Jul 31, 2011 at 8:05

3 Answers 3


This is the proverbial sixty-four thousand dollar question for fundamental physics. It may be helpful to split it down into steps.

  • What are the possible consistent theories of quantum gravity?
  • Which of these can (or must) be extended to include matter and guage fields?
  • Which of these can be made to include the standard model as a low energy limit?

Once we have answered these questions the theoretical program to understand the foundations of physics is essentially complete and the rest is stamp collecting and experiment. That is not going to happen today but let's see where we are.

String Theory works very well as a perturbative theory of gravitons that appears to be finite at all orders, but there is no full proof that it is a complete theory of quantum gravity. It requires matter and gauge fields with supersymmetry to avoid anomalies. The size of gauge groups suggests that it could potentially include the standard model. It is too strong a claim to say that it does incorporate the standard model. A popular view is that it has a vast landscape of solutions which is sufficiently diverse to suggest that the standard model is covered, but crucial elements such as supersymmetry breaking and the cosmological constant problem are not yet resolved.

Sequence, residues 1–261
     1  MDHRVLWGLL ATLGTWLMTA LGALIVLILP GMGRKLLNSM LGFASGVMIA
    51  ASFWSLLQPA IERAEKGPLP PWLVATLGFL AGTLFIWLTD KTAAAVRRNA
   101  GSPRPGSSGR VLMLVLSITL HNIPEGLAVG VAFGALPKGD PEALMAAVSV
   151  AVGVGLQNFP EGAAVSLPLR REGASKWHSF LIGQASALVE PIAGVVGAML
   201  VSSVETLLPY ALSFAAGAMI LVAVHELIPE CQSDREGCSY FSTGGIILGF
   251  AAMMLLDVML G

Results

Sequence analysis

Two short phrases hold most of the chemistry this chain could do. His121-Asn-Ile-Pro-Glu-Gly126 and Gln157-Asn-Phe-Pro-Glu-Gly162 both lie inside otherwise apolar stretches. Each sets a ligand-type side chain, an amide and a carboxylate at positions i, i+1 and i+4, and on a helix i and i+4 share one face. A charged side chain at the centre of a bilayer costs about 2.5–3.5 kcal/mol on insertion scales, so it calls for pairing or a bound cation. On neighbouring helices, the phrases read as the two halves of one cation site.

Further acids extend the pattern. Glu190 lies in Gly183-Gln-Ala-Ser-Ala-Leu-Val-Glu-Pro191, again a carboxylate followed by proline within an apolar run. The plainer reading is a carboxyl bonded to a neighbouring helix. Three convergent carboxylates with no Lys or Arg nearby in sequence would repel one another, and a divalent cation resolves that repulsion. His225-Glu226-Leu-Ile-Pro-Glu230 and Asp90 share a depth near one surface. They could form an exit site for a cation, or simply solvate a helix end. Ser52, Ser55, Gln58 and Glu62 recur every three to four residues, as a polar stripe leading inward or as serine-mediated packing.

Supergravity theories are potentially alternative non-string theories that could provide a perturbative theory of quantum gravity. Indications are that they are finite up to about seven loops due to hidden E7 symmetry but they are likely to have problems at higher loops unless there are further hidden symmetries. These theories have multiplets of gauge groups and matter. The 4D theories do not have sufficiently large gauge groups for the standard model but compactified higher dimensional supergravity does. A more subtle problem is to include the right chiral structure and this may be possible only with the methods of M-theory.